Diane Greenbaum was getting ready for the grand opening of her art education studio as authorities in Alexandria, Virginia were planning steps to slow the spread of coronavirus. When she officially opened Kidcreate Studio on March 14, 2020, it was the day after the local government announced schools would close for at least two weeks.
This would have been a big setback for any new entrepreneur, but Greenbaum quickly pivoted and bounced back.
After building a career in the corporate world, Greenbaum wanted to strike out on her own and have the flexibility to spend more time with her family. So she invested in a Kidcreate Studio franchise, which offers creative classes, camps, and other activities for children. By early 2020, she was busy setting up her studio and receiving bookings for classes and birthday parties.
None of those classes and parties took place in the Alexandria studio — Greenbaum had to close it right after opening.
That was when her years of business and marketing experience came to the fore. Within days, she was offering do-at-home art kits with video lessons.
“We switched from primarily a service offering to a retail offering,” says Greenbaum. “That was a very big pivot for us because we expected to do only about 10% of our business as retail, with a small shop of items.”
Going Fully Virtual
When Greenbaum realized schools would be closed for longer, she decided to fully switch to virtual classes and train her teachers to deliver art classes online. But first, she needed a reliable video conferencing platform.
Kidcreate Studio’s franchisor recommended a popular video conferencing service it had been using for staff meetings. But reports about the service’s security problems discouraged Greenbaum from using it. So she looked into other options, including BlueJeans Meetings.
“BlueJeans’ promotion of its security feature was very important to us,” says Greenbaum. “I also found its sound and visual quality much better than the others I had looked at.”
She considered using another platform for its user experience but decided against it.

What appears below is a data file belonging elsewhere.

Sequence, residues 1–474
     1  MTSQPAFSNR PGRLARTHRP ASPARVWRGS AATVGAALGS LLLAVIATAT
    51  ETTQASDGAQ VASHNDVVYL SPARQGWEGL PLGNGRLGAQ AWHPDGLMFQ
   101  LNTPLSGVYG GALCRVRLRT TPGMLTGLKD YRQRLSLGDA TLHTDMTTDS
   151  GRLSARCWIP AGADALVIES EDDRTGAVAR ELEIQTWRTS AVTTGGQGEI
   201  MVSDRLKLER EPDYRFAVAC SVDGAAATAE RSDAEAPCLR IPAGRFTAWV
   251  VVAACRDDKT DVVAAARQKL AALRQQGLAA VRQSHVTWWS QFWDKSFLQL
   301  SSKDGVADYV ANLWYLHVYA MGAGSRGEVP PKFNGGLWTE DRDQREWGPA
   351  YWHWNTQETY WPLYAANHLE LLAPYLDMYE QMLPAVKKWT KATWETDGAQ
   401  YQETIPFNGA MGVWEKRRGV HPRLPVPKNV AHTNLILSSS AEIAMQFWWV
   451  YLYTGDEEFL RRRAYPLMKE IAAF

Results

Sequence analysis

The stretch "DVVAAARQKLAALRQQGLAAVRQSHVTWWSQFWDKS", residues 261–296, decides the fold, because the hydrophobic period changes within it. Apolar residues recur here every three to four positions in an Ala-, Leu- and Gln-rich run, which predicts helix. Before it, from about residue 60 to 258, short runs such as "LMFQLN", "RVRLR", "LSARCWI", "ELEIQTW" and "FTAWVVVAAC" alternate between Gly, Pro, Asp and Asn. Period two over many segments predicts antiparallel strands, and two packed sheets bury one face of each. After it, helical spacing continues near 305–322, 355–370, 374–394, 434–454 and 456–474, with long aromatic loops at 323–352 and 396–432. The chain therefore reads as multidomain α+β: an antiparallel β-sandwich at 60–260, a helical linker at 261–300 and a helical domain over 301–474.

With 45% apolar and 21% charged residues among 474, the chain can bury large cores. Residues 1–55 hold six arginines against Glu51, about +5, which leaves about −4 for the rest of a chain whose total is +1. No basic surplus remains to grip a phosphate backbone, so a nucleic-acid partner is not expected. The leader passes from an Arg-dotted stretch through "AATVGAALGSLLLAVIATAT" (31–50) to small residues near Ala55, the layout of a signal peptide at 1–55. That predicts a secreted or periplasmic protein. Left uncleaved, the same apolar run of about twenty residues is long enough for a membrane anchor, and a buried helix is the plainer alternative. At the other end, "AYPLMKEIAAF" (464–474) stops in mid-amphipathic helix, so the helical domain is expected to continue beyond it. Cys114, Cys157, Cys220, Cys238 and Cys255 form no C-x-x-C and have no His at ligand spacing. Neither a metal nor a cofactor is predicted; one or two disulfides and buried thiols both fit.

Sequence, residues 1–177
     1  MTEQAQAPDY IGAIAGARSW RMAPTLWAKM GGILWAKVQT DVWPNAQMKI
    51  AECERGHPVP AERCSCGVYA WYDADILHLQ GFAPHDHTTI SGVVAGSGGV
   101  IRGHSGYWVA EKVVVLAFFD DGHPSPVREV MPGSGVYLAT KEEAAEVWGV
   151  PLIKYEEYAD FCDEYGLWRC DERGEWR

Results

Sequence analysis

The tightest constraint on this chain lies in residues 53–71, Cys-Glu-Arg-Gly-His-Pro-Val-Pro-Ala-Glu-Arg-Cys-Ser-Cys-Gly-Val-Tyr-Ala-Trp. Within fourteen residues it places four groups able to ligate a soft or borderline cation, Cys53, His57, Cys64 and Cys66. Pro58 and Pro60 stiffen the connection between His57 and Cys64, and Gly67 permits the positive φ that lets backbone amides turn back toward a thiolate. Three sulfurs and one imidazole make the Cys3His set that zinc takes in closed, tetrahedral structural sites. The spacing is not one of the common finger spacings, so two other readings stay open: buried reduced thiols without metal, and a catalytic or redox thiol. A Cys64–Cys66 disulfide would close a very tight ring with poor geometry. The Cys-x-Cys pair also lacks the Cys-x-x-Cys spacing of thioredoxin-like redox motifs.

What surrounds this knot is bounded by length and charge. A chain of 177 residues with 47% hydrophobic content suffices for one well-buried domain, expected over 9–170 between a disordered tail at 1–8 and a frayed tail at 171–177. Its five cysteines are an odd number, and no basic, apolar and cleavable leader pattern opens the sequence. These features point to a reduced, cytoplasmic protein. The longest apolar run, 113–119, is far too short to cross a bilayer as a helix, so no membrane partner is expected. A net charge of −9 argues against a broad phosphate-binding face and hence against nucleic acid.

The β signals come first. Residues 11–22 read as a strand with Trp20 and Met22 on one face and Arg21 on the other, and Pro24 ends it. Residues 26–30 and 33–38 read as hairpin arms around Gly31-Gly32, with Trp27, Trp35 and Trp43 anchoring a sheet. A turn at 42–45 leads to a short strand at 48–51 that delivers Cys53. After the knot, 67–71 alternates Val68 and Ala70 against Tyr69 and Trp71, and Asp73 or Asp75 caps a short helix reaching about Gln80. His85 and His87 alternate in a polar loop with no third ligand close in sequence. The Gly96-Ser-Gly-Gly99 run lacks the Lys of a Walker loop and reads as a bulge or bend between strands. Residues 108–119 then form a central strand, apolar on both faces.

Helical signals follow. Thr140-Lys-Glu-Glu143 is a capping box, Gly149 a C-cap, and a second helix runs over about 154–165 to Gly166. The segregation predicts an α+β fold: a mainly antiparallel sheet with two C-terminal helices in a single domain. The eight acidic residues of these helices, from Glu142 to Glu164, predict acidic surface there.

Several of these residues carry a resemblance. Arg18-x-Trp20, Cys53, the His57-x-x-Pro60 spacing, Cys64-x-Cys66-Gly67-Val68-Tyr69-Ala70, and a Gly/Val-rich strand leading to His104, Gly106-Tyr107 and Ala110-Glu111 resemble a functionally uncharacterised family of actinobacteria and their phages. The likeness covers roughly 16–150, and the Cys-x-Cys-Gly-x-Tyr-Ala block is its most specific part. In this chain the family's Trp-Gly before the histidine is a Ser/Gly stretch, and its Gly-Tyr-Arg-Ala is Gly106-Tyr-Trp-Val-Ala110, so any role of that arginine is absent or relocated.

“The associated cost and the hurdle of having to get every parent to open an account, that was not the experience we were looking for,” she says. “To engage our customers, we had to give them the ability to join video calls and participate by just clicking a link.”
Earning a Loyal Following
Kidcreate Studio Alexandria kicked off its virtual classes in April using BlueJeans, with two types of classes: one for students who bought the studio’s art kit, and the other for those using whatever materials they had.
Although it wasn’t easy in the beginning to virtually teach a typically hands-on activity, BlueJeans’ ease of use helped the studio’s teachers become more confident in delivering art classes online. Importantly, they can share their screen with the touch of a button to demonstrate techniques, whether they’re using BlueJeans’ desktop or mobile application.
As a result, Greenbaum’s studio has been able to sustain its virtual classes since the lockdowns began. It has also built a loyal following.
“We even have parents who schedule private virtual classes for their children.”
Adding More Exciting Activities
Even though Kidcreate Studio reopened in June 2020 for in-person activities, some parents prefer to continue with online classes, and not all teachers are ready to return to the studio.
“And by having virtual classes, we’ve had students who otherwise might not have found us,” says Greenbaum. “We’ve some students who live just down the street, and surprisingly, they found us on different platforms instead of our website — or through word of mouth.”
The studio has even expanded its activities on BlueJeans. Now, children can also have fun, art-filled birthday parties online.
“We decided to discontinue birthday parties at the studio because when we reopened for summer camps, we noticed that children who knew each other very well weren’t good in following social distancing guidelines,” says Greenbaum. “So we took birthday parties online, and I was so thrilled!”
BlueJeans allows the studio not just to host these parties, but to also easily record them and share a link with parents.
“During a party, we had all these girls saying, ‘this is the best birthday party we’ve ever been to.’ So that’s another wonderful addition to what we do,” Greenbaum says.
What’s also pleasing for Greenbaum is how her franchise has turned a difficult situation into a successful new business model.
“By forcing ourselves to adapt, we’ve expanded our offerings,” she says. “The question is, are we providing virtual classes and do-at-home kits permanently? Or maybe for the next six months or year? We don’t know. What we know is we’re going to do them for a while.”